The Woodlanders HTML version
With this in view he took her out for a walk, a custom of his when he wished to
say anything specially impressive. Their way was over the top of that lofty ridge
dividing their woodland from the cider district, whence they had in the spring
beheld the miles of apple-trees in bloom. All was now deep green. The spot
recalled to Grace's mind the last occasion of her presence there, and she said,
"The promise of an enormous apple-crop is fulfilling itself, is it not? I suppose
Giles is getting his mills and presses ready."
This was just what her father had not come there to talk about. Without replying
he raised his arm, and moved his finger till he fixed it at a point. "There," he said,
"you see that plantation reaching over the hill like a great slug, and just behind
the hill a particularly green sheltered bottom? That's where Mr. Fitzpiers's family
were lords of the manor for I don't know how many hundred years, and there
stands the village of Buckbury Fitzpiers. A wonderful property 'twas--wonderful!"
"But they are not lords of the manor there now."
"Why, no. But good and great things die as well as little and foolish. The only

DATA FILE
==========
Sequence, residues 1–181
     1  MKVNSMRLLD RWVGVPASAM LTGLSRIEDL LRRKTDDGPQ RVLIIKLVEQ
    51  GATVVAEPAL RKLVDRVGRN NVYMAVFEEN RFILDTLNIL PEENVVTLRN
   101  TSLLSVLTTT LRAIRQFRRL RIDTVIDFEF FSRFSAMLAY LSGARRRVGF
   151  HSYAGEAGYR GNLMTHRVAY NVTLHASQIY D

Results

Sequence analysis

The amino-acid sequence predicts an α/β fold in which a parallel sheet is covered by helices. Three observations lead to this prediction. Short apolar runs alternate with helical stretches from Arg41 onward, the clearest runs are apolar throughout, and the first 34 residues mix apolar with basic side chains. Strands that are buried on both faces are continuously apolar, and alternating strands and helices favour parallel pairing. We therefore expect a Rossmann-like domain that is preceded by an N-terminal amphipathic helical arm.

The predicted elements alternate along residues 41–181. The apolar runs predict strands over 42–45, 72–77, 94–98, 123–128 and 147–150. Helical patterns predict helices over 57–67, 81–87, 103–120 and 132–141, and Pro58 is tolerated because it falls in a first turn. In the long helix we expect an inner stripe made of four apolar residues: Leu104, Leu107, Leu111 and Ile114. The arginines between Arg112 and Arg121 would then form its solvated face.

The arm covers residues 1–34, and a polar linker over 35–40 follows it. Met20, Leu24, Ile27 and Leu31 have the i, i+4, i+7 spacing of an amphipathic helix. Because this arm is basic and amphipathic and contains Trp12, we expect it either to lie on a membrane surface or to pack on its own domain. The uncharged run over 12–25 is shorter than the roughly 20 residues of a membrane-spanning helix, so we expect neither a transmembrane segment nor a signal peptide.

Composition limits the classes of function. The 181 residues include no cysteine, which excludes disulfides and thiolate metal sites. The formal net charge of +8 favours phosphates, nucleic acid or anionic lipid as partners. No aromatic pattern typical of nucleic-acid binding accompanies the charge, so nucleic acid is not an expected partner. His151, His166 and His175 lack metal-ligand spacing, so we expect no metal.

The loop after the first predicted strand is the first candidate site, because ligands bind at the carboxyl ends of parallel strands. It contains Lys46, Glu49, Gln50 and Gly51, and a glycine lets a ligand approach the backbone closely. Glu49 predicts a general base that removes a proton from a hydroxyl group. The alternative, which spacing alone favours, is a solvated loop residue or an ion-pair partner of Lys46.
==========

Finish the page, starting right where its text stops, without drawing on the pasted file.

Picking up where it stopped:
ones representing the family now, I believe, are our doctor and a maiden lady
living I don't know where. You can't help being happy, Grace, in allying yourself
with such a romantical family. You'll feel as if you've stepped into history."
"We've been at Hintock as long as they've been at Buckbury; is it not so? You
say our name occurs in old deeds continually."
"Oh yes--as yeomen, copyholders, and such like. But think how much better this
will be for 'ee. You'll be living a high intellectual life, such as has now become
natural to you; and though the doctor's practice is small here, he'll no doubt go to
a dashing town when he's got his hand in, and keep a stylish carriage, and you'll
be brought to know a good many ladies of excellent society. If you should ever
meet me then, Grace, you can drive past me, looking the other way. I shouldn't
expect you to speak to me, or wish such a thing, unless it happened to be in
some lonely, private place where 'twouldn't lower ye at all. Don't think such men
as neighbor Giles your equal. He and I shall be good friends enough, but he's not
for the like of you. He's lived our rough and homely life here, and his wife's life
must be rough and homely likewise."
So much pressure could not but produce some displacement. As Grace was left
very much to herself, she took advantage of one fine day before Fitzpiers's return
to drive into the aforesaid vale where stood the village of Buckbury Fitzpiers.
Leaving her father's man at the inn with the horse and gig, she rambled onward